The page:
By the famous result of Brauer and Fowler, there exist finitely many simple groups with given involution centralizer. There are many results which determine all finite simple groups with given involution centralizer. Is a complete solution known?

That is, do we have a complete classification of

  1. Groups $H$ such that $H \cong C_G(t)$ for some involution $t$ of a finite simple group $G$?
  2. For each $H$, a list of all finite simple groups $G$ such that $C_G(t) \cong H$ for some involution $t \in G$?
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    $\begingroup$ I'm pretty sure that this list is known. For simple groups of Lie type defined over a field of odd characteristic the elements are semisimple and one can use the theory of algebraic groups to help you compute the centralisers. You'll find this information in §4.5 of "The Classification of the Finite Simple Groups: Number 3" by Gorenstein--Lyons--Solomon. $\endgroup$ – Jay Taylor Dec 2 '17 at 15:48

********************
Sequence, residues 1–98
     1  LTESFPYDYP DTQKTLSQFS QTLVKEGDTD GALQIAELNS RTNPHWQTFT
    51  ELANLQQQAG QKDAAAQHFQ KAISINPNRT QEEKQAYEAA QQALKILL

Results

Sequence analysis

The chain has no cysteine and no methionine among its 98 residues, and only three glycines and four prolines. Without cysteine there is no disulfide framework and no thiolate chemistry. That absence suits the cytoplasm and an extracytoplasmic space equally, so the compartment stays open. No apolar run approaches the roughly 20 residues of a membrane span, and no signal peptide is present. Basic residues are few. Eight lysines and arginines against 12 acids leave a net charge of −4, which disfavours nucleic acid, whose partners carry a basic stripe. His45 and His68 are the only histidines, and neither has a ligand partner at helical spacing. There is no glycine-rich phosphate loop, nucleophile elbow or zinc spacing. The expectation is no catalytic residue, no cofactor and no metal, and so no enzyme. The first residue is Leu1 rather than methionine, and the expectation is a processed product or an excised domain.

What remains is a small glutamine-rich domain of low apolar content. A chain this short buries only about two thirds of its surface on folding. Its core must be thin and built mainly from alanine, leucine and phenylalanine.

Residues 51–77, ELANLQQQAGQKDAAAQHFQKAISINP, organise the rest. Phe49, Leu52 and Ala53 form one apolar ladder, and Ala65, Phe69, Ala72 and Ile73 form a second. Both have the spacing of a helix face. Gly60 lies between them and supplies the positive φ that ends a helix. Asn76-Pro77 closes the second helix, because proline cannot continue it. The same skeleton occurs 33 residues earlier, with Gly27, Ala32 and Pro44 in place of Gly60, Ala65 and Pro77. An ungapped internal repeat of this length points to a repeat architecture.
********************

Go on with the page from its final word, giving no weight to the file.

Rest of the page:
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    $\begingroup$ For groups of lie type over a field of characteristic $p=2$ you're looking at a unipotent element, which is in bad characteristic for any group outside of type $\mathsf{A}$. However, the book by Liebeck--Seitz on unipotent conjugacy classes should contain the answer. The work by Mizuno on unipotent conjugacy classes in bad characteristic must also give this information. $\endgroup$ – Jay Taylor Dec 2 '17 at 15:50
  • $\begingroup$ For the sporadic groups, I'm certain this must be known. Brauer--Fowler is a key starting point for the classification and I'm sure one starts with the knowledge of the centralisers of involutions in sporadic groups. I would expect this to also be in the volumes by GLS. Most of the information should also be contained in the ATLAS of finite groups. $\endgroup$ – Jay Taylor Dec 2 '17 at 15:55
  • $\begingroup$ But if you mean has anyone published any lists of this type, or are there any plans to publish such lists, then I think the answer is probably no. $\endgroup$ – Derek Holt Dec 2 '17 at 16:12
  • $\begingroup$ @JayTaylor: Thanks for the comments. I knew this must be known at least in most cases, but I am less familiar with the literature. In Liebeck-Seitz for $p = 2$ it seems the centralizers of unipotent elements are given in terms of the unipotent radical of the centralizers. Maybe the precise structure of those is a bit more difficult to describe? $\endgroup$ – spin Dec 2 '17 at 16:20

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